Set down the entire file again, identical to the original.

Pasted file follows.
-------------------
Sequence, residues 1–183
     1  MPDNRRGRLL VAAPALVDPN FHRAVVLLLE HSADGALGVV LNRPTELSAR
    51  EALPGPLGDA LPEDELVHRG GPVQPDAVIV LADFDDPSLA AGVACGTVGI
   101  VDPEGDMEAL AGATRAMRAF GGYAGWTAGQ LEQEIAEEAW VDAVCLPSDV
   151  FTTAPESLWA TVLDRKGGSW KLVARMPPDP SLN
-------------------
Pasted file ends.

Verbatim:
Sequence, residues 1–183
     1  MPDNRRGRLL VAAPALVDPN FHRAVVLLLE HSADGALGVV LNRPTELSAR
    51  EALPGPLGDA LPEDELVHRG GPVQPDAVIV LADFDDPSLA AGVACGTVGI
   101  VDPEGDMEAL AGATRAMRAF GGYAGWTAGQ LEQEIAEEAW VDAVCLPSDV
   151  FTTAPESLWA TVLDRKGGSW KLVARMPPDP SLN